Fiat Chrysler and Google are putting Android front and center in in-car displays

Fiat Chrysler and Google are putting Android front and center in in-car displays

Fiat Chrysler and Alphabet are already working together via Waymo, the former Google self-driving car project, and now Google is also teaming with the automaker for in-car system tech, using Android as the base for a new infotainment and connect car platform. The new FCA in-car system is called Uconnect, and uses Android 7.0 to deliver a range of features, including Android app compatibility alongside more traditional in-car controls like AC and heat, also with terrestrial radio.

Google’ work with FCA goes well beyond the Android Auto model, which essentially layers on a simplified, driver-friendly and distraction reducing version of Android to an in-car display (or mounted smartphone), powered from the phone itself. The search giant clearly wants to push further into the dashboard of users, and do so in a way that is more deeply integrated with carmaker software and systems themselves.

“Google is committed to building Android as a turn-key automotive platform that integrates deeply with the vehicle in a safe and seamless way,” said Patrick Brady, Director of Android Engineering, Google in a press release announcing the news.

For the car maker, Google and Android offer unique flexibility that give them the advantage of being able to offer customers app compatibility, but without having to give up total control of the branding and customer relationship.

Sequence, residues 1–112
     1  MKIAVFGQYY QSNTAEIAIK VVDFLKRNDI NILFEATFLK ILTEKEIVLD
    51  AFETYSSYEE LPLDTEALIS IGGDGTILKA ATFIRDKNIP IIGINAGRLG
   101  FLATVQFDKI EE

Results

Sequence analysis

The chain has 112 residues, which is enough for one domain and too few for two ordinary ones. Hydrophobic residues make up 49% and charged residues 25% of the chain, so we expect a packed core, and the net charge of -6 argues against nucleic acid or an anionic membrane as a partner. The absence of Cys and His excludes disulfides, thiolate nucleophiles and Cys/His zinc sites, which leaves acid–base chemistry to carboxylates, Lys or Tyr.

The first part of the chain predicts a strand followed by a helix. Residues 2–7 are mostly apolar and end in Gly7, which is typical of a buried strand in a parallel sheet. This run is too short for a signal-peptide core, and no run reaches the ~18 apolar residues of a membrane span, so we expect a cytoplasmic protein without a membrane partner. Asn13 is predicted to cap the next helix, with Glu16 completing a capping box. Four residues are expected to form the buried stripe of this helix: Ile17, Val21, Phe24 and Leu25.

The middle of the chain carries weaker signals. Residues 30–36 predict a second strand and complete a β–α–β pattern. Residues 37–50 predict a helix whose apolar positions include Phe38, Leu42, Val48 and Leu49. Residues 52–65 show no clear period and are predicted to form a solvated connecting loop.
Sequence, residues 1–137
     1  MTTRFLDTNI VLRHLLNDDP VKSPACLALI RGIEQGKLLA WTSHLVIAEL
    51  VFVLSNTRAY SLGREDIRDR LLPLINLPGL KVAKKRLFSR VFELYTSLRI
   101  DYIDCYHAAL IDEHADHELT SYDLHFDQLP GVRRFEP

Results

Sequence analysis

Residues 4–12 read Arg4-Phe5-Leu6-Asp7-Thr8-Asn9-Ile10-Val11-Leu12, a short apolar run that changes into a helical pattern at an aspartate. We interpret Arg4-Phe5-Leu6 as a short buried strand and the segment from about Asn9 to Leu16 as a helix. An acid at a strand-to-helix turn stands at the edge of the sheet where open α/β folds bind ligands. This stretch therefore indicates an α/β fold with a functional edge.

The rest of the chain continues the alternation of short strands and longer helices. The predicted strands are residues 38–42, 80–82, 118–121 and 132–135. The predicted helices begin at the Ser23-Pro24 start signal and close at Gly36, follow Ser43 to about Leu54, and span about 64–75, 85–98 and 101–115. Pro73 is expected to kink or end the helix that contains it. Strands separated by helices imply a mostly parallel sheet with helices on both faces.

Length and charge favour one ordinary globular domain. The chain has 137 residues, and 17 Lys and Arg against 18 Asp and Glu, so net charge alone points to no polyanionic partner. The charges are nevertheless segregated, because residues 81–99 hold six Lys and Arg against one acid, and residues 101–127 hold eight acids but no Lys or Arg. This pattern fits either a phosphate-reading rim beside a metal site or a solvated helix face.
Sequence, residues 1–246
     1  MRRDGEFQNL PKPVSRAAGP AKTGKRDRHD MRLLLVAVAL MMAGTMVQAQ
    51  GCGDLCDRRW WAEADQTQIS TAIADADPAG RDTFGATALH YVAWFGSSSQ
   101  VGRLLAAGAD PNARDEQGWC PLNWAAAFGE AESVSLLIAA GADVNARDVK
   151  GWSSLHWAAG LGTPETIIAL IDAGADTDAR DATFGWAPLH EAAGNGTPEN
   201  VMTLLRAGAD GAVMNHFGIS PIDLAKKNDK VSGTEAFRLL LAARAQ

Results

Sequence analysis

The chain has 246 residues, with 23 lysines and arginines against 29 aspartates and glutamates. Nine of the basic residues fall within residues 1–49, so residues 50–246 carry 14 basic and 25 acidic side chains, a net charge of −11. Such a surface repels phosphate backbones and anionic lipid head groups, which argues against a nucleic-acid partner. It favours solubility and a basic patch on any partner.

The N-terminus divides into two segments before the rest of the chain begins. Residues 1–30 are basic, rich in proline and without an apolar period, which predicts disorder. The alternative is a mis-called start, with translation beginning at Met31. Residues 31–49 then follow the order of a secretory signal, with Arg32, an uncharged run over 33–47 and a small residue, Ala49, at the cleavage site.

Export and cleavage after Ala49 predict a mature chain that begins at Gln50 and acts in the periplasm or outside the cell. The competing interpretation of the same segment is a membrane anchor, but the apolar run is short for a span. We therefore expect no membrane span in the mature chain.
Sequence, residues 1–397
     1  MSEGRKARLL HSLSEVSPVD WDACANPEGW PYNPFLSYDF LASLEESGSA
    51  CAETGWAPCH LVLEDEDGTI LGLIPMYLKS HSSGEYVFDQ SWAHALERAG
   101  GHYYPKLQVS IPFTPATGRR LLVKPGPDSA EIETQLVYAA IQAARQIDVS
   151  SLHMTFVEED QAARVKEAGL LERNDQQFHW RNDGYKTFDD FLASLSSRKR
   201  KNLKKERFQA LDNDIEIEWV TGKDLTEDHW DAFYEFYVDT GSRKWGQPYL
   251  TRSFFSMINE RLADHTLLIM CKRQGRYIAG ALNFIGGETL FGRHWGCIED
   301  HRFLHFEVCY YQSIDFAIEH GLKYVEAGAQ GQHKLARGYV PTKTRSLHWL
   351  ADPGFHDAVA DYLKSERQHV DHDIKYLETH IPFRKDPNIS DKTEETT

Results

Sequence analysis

“With Android, we are able to maintain our unique and intuitive Uconnect user interface, all while integrating our easy-to-use systems with Android’s features and ecosystem of applications,” noted FCA Head of Electrical Engineering Chris Barman in the release.

This is an advantage that Google has which isn’t available to Apple, which is also seeking to more closely integrate its mobile products into user’s in-car lives via CarPlay. It’s unlikely that Apple would ever cede control over the look and feel of the interface to automakers, since it has never had that kind of relationships with OEMs with either iOS or modern OS X/macOS software.

Arguably, letting automakers maintain responsibility for the look and feel of the in-car software interface isn’t the ideal solution, since they’ve proven clumsy when it comes to UX in the past. But carmakers also face rigorous rules for preventing distraction, and would be unlikely to cede control of interface design entirely to operating system makers anyway, both because of this and their desire to control the customer experience.

Android’s flexibility could prove key to getting it more presence in vehicles heading into a time when the in-car experience becomes something new and valuable, when autonomous vehicles begin to gain ground. It’s a smart strategic move for Google at this stage.

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